To do so, ENGL 383 surveys short fiction, novels (some excerpts), drama, essays/autobiographies, and speeches by African-American writers spanning the 18th-20th Centuries. Our fiction readings are framed by historical background material. While studying how African-American literature intersected and participated in such literary movements as Realism, Naturalism, and Modernism, as well as Postmodernism and Postcoloniality, we will also investigate the developing process of self-identification for both U.S.-born and naturalized foreign-born blacks within the U.S. as reflected in their literatures.
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»»Course Objectives and Goals
This course will not enable you to point to a text and say "this is obviously a black piece" -- as if it were an animal behind a sign in a zoo. Rather, this course emphasizes the individuality of each of the authors who speaks from within a particular experience labeled "African-American." None of the authors we'll read is representative of blackness overall, but rather is one of many possible voices to speak from the experience of blackness in the U.S. So, this course seek to expose you to the changing idea of the “black artist” in the U.S. over time, through the stories, poems, drama, essays and novels we'll read during the semester.
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»»Required Texts and Materials
Available at the bookstore in the SU Commons: Library reserve material for photocopying; additional handouts; online sources
A working e-mail account and reliable access to the internet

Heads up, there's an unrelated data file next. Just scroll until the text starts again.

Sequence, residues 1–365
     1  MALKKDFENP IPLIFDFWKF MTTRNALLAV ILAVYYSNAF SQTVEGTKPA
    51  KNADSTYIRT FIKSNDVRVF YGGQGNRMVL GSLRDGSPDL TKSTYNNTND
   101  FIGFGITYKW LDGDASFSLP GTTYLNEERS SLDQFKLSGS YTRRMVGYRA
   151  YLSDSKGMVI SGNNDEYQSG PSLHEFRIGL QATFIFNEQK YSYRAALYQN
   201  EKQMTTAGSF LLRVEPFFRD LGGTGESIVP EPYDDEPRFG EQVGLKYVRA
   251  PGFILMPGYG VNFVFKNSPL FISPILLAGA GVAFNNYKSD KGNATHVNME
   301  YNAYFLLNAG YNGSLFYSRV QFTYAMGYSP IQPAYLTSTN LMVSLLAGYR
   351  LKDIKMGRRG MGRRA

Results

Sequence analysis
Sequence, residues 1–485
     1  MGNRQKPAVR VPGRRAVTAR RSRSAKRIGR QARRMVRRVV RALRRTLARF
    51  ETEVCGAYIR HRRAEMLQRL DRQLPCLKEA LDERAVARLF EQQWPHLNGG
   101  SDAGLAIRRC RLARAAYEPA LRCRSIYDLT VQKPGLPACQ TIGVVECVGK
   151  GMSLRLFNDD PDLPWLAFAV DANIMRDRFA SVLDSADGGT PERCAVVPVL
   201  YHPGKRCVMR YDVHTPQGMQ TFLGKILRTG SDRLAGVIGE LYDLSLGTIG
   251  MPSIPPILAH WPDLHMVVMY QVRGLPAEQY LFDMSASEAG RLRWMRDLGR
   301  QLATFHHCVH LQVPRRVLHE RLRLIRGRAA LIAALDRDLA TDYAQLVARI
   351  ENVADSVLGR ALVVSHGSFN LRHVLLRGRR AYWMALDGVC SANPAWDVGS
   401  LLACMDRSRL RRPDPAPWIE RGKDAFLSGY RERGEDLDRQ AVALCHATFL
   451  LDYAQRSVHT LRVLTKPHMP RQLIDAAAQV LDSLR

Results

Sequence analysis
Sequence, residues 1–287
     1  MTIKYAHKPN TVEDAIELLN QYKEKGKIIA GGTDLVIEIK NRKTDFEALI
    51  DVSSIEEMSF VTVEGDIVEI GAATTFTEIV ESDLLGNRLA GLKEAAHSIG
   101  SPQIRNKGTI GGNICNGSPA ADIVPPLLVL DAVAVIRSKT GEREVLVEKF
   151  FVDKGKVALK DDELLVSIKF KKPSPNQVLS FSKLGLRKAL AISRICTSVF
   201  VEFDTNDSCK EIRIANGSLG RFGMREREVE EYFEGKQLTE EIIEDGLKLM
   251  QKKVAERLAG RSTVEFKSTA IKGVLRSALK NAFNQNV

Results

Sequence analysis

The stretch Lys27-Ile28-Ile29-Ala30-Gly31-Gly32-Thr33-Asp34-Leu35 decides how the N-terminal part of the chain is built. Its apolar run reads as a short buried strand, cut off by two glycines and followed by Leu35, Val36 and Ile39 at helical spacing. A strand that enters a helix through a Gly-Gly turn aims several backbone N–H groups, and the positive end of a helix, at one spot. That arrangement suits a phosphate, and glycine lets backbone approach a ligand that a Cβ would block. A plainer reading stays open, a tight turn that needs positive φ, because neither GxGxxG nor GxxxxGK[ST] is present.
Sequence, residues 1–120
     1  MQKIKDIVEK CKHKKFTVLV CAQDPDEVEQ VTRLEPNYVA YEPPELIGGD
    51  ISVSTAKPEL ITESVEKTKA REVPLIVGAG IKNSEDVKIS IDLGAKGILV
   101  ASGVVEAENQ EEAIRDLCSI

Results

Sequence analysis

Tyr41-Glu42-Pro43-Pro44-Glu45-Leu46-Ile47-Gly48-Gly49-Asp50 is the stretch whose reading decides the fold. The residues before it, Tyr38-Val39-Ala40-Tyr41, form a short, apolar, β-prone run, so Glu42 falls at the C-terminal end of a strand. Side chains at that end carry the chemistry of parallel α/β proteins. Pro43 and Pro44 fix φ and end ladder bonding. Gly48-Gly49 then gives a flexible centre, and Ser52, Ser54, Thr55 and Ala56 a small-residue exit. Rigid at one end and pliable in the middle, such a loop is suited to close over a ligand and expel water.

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»»Assignments & Grade Distribution (elements described below)
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»»Papers 40% of your grade comes from two long papers (~5 pp.) that you will compose during the semester; I will issue detailed instructions on the website in plenty of time. We will derive topics for these papers from our readings and classroom discussion. Given the ubiquity of papers for sale, on the internet, etc., however, I will set the paper topics to discourage plagiarism (see below). Know that it will be more work for you to plagiarize than to actually write the thing on your own. Papers are due on the date/time that they are listed as due. Late papers will be penalized one letter grade for each day late, including weekends. Failure to turn in either of the major essays will fail you from the course. (back to Contents)
»»Mid-term and Final Exams 30% of your grade comes from two exams, one at mid-term and a final, that include terms and concepts covered to each respective point in the course. We will discuss the specifics of the exam as we draw closer to each date -- I compose each exam based on what we've covered to that point.